I have been trying to diet. Really I have. But after one week, the only thing I have managed to lose is my sense of humour. It might be so that 25 is the new 35, but my face didn’t get the memo and neither did my body. To be fair, I was warned about this by those older and wiser than me: When you hit 35, things will go a bit pear shaped. Or, more accurately, apple shaped. The answer to “Where did my twenties go?” is indeed “Straight to your muffin top, dearie”. But I didn’t really believe them. How do you go from one shape to the next overnight? And yet it seems like that is exactly what happened. One minute I was worrying about how best to hide my saddle bags and the next thing I knew I had a fanny pack I had to camouflage. Of course it doesn’t help that I have a few things conspiring against me: Firstly, there is limited height into which I can fit any excess weight. Secondly, I have bad knees and a bad back which means many exercises are verboten. (I am possibly the only person in the history of the world who, as a little girl, had to face the humility of failing grade 1 ballet because my teacher, Miss Hazel, didn’t think my legs could handle moving to grade 2 yet. I don’t think “loser” adequately conveys the extent to which you are a sporting failure if you can’t pass first grade ballet!) And lastly – and here is the clincher, possibly exacerbating all of the above – I don’t like veggies. At least, not the type of veggies that are good for you in any way. Caramelised in butter and sugar like the Afrikaners like to do them? Sure! Drenched in a creamy, cheesy sauce? Sure! Steamed and healthy? Not so much. So it came as quite a surprise to me when I thoroughly enjoyed a plate of braised aubergines on a trip to Zhujiajiao recently. Granted, in one dish there is probably more sugar than in a Twinkie and more salt than in John McEnroe’s headband, but at least it’s a vegetable and it’s low in fat. The problem with eating anything in China worth writing about though, is that the recipe of said dish has inevitably been passed down from generation to generation and is a secret guarded more closely than the identity of the Stig. Of course that means that I simply have to wait for a disgruntled ex-employee to spill the beans in an otherwise boring book, or I could consult the world’s greatest oracle. So to Google we go! This recipe has been adapted from www.seriouseats.com. Bland veggies like aubergine and courgettes work well to absorb the flavoursome sauce, but it would work just as well with peppers and onions.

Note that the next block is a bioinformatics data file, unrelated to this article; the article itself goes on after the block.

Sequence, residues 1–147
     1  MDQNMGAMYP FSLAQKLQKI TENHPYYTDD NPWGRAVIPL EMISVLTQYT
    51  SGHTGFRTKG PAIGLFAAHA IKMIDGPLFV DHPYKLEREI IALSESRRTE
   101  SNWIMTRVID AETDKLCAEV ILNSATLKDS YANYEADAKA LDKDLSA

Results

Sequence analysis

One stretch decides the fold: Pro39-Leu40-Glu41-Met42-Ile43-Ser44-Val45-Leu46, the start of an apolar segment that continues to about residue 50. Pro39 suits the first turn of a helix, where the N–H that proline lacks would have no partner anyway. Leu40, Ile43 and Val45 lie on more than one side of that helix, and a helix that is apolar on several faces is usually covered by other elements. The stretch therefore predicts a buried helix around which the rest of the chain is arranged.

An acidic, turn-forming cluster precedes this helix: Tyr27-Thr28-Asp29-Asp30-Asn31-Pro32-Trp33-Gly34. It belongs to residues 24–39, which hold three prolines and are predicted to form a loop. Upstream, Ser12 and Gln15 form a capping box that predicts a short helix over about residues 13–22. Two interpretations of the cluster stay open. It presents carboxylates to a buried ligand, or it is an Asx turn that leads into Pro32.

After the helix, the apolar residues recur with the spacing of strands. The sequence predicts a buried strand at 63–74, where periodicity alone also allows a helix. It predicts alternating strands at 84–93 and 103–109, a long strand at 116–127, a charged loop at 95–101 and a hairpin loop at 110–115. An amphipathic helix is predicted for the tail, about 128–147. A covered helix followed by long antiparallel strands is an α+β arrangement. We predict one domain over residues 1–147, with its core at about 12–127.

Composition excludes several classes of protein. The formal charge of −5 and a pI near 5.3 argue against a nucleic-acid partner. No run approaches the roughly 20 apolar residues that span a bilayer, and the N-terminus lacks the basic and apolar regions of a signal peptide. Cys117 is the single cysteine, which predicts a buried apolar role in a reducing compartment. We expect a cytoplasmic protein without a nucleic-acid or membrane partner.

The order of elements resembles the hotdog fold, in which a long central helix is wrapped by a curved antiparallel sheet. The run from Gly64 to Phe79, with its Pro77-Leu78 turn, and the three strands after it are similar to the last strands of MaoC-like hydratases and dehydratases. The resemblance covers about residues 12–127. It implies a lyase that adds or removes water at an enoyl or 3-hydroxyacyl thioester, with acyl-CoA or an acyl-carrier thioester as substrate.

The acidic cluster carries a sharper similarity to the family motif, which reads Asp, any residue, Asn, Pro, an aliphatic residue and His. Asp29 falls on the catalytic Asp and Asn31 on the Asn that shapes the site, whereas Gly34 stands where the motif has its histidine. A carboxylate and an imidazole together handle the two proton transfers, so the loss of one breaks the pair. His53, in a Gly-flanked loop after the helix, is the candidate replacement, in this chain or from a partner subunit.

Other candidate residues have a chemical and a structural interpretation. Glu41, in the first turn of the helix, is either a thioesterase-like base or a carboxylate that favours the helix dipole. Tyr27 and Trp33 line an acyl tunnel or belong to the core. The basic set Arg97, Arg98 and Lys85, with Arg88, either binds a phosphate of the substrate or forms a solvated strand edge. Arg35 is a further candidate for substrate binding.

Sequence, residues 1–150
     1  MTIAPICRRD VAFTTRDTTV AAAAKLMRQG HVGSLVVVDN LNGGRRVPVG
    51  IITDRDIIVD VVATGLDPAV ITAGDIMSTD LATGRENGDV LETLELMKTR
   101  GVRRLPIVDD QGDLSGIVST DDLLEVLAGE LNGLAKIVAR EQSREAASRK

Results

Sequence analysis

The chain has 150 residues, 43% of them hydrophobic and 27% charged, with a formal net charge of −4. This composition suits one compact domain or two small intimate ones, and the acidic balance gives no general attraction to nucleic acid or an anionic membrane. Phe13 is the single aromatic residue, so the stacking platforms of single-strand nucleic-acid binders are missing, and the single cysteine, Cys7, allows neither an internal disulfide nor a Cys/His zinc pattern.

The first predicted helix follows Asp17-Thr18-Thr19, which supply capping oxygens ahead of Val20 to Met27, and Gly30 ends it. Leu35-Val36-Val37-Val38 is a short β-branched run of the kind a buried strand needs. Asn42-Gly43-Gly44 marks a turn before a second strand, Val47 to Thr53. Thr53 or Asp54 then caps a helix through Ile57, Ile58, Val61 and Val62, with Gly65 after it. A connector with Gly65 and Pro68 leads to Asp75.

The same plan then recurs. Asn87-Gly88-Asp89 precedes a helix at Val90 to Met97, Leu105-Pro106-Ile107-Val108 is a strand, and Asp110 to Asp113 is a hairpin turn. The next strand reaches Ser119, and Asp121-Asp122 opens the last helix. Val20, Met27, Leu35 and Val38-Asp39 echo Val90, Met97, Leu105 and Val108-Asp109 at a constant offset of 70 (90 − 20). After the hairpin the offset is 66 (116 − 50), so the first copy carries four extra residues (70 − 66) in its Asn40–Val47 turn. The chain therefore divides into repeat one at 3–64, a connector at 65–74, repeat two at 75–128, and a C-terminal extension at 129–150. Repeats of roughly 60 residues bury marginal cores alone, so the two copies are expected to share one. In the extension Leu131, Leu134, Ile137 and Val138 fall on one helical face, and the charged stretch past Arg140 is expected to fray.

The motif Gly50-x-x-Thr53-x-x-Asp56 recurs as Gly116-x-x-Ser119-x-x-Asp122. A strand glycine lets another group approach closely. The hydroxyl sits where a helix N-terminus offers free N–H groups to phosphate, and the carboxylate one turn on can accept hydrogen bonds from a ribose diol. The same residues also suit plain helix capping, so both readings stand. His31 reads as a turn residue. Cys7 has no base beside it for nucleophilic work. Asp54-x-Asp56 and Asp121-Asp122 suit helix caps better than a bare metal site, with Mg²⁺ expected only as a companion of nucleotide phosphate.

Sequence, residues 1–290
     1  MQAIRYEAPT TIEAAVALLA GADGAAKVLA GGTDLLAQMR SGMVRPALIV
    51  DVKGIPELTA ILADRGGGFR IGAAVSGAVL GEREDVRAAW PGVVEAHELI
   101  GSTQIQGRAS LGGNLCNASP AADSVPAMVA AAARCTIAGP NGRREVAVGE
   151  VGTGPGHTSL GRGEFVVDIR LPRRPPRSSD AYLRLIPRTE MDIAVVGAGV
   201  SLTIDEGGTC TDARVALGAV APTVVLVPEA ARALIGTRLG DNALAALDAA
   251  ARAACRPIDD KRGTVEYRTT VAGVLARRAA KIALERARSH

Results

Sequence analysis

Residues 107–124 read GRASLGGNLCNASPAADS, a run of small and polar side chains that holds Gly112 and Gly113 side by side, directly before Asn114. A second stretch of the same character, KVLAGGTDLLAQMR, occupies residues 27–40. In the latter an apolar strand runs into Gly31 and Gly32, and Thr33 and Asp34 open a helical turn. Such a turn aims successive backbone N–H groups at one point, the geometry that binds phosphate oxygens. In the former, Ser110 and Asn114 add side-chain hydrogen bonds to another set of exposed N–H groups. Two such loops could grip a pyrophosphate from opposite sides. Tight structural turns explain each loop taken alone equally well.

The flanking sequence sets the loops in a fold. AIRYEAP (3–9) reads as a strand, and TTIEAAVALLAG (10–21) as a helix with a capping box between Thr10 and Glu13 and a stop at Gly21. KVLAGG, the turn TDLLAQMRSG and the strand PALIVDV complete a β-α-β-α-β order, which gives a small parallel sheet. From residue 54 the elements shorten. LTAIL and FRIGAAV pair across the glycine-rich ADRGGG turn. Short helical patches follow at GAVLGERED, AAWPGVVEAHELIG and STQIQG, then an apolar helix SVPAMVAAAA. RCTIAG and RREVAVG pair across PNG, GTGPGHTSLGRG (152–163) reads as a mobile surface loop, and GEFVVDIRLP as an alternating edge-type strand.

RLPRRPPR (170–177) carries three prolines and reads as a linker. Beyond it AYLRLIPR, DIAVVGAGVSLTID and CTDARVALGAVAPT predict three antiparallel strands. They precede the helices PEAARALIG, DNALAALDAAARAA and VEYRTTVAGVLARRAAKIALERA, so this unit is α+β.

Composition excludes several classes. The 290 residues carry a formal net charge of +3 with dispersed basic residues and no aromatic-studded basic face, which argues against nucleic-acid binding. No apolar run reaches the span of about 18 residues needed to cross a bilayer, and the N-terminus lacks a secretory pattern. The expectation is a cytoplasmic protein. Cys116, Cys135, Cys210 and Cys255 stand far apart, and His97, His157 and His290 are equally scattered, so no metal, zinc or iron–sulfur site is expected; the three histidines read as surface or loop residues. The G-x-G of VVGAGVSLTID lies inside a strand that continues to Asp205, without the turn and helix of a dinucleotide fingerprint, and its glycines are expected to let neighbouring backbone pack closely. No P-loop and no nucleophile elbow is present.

Sichuan Style Braised Eggplant
1/4 cup Shaoxing rice wine (I felt a bit lost in front of the rows and rows of rice wine in the shop, so eventually settled for the prettiest bottle, which turned out to be green plum wine. Oops. If you can’t get your hands on Shaoxing wine, you can use Japanese sake or dry sherry or even dry white wine. When using the latter, add a little more sugar during the cooking process.
1 heaped tablespoon of Sichuan fermented chilli-bean paste (It’s a lot yummier than it sounds! If you can’t get your hands on it, use equal parts sweet chilli sauce and hoisin sauce and reduce the sugar by half a teaspoon)
3/4 cup chicken stock (or substitute with mushroom or veggie stock)
2 tablespoons dark mushroom soy sauce (I love the almost cloying richness of mushroom soy sauce, but you can substitute with 3 tablespoons of regular soy sauce)
2 tablespoons of Zhenjian aromatic vinegar (substitute with equal parts Balsamic and white wine vinegar)
2 tablespoons of sugar
2 tablespoons of ginger, finely chopped
3 cloves garlic, finely chopped
4 spring onions, sliced and whites and greens kept seperate
2 tablespoons vegetable oil
1) Slice the veggies into battons, roughly 2 x 2 x 6cm’s. Steam the pieces in a bamboo steamer (or pot) until tender, about 15 minutes.
2) Combine the Shaoxing wine and flour in a medium bowl and whisk. Add the stock, bean paste, soy sauce, vinegar, and sugar and whisk to combine. Combine ginger, garlic, spring onion whites, and chilies in a small bowl.
3) Heat the oil in a wok over medium heat. Add the ginger mixture and stir fry until aromatic. (At this point I like to switch the heat off for a minute and just sniff the heavenly aroma of garlic and ginger cooking together. But I can be a bit weird, so don’t feel you need to do this.) Add eggplant and toss to combine. Add sauce mixture and bring to a boil. Reduce to a simmer and cook, stirring occasionally, until the sauce thickens, about 10 minutes. Stir in the spring onions, and serve immediately. Serve with fluffy rice to soak up all the sauce.